Angus Energy has successfully completed the drilling of the Lidsey-X2 production well in the south of England.
The company will produce from a “net oil pay” section of 443 metres (“m”) from the Great Oolite limestone reservoir.
The production reservoir section has a measured depth of 1,230-1,673m. True Vertical Depth (“TVD”) of the production section is measured to be 994.9m-1,009.3m.
The well reached its total depth objective at 1,700m and the slotted oil production liner has been installed. Following de-mobilisation of the BDF-28 drilling rig, the Lidsey-X2 well will be placed into production.
The well was drilled on time and on budget as outlined in previous Company guidance.
Towards the end of the horizontal section of the Great Oolite reservoir, initial analysis by the Company showed an unexpected change in the lithology of the well. The lithological change indicates a potential extension, continuing to the west of the original reservoir.
This entirely new and separate section of the Great Oolite reservoir would be at original conditions as it has never been produced. Further analysis will be undertaken to reach a final determination.
Drilling to the Great Oolite reservoir, the primary well objective, the Lidsey-X2 well passed through two additional potential production resevoirs, the Kimmeridge and the Oxford Clay source rocks. Both are positioned above the Great Oolite.
The Kimmeridge was encountered between 782.3m-862.4m MD (with a true vertical thickness of 66.2m). The layers in the well consisted of a mixed series of shales and limestones typical of the formation in the Weald Basin.
Natural fractures appear to be present but further detailed analysis of the image logging will be undertaken to quantify this. Samples have now been sent for geochemical analysis to verify if this section has seen pressures and temperatures in the past needed to generate oil in commercial quantities.
The Oxford Clay was found between 920.8m-1179.5m MD (with a true vertical thickness of 105.0m). The Oxford Clay is a potential oil source rock and has oil production potential where mature. The British Geological Society (“BGS”) reported Oxford Clay has “potential where mature (Ro > 0.6%), especially in lower parts and where free oil exists (perhaps limited to sweet-spots)”.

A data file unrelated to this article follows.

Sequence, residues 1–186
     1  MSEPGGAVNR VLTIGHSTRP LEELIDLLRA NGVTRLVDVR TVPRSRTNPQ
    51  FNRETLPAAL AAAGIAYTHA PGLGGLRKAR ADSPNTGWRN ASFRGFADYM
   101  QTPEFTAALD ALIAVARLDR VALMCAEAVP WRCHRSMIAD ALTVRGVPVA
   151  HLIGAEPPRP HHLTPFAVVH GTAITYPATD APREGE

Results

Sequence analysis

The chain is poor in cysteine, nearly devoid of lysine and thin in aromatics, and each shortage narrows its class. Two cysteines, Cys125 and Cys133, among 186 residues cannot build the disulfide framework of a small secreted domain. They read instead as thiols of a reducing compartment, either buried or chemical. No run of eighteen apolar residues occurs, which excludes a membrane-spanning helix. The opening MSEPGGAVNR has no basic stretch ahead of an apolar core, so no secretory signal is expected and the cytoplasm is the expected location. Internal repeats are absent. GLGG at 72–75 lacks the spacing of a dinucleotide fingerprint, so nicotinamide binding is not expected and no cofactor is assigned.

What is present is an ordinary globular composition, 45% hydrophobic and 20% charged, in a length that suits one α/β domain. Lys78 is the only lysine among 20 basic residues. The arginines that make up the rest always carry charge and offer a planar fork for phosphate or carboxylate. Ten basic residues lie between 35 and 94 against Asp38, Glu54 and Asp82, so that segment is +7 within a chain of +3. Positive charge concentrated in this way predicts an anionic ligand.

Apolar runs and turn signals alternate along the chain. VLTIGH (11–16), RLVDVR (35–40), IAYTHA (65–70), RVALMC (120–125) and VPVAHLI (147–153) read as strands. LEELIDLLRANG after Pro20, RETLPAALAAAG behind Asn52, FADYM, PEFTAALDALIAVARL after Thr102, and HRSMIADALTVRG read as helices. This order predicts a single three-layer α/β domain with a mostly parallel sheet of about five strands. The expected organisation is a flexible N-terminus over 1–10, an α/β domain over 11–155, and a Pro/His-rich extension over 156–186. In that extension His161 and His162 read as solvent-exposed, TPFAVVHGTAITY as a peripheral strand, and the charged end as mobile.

As part of the geochemical analysis, Angus Energy has also sent samples for further examination to ascertain whether the drilled section conforms with the previous BGS findings.
The companyhas planning permission for a third well at the site and can convert the existing Lidsey-X1 well into a water injector if required.
The Lidsey Oil Field is located on-shore at the southern edge of the Weald Basin, near Bognor Regis.
Paul Vonk, Angus Energy’s managing director, said: “The Company is in the process of bringing into production 443 metres of oil pay from the Lidsey-X2. I am pleased with the successful drilling of the well.
“We are encouraged the site offers further scope for development. Significantly, the company has upgraded the surface facilities at Lidsey to efficiently and safely managage all future production.
“I’m grateful to everyone on our team. They made drilling Lidsey-X2 a success by maintaining the highest standards, the most important of all being safe operations.”
Recommended for you
Read the latest opinion pieces from our Energy Voice columnists
- OPINION: Victim’s son fears another Piper Alpha is ‘just around the corner’
- OPINION: Contractor lawyers in demand as firms reluctant to return to bloated workforces
- OPINION: Are Electric Vehicles changing BP’s business model?
- OPINION: Where helicopter safety is concerned, regulations matter
- OPINION: Time to take pumped storage hydro seriously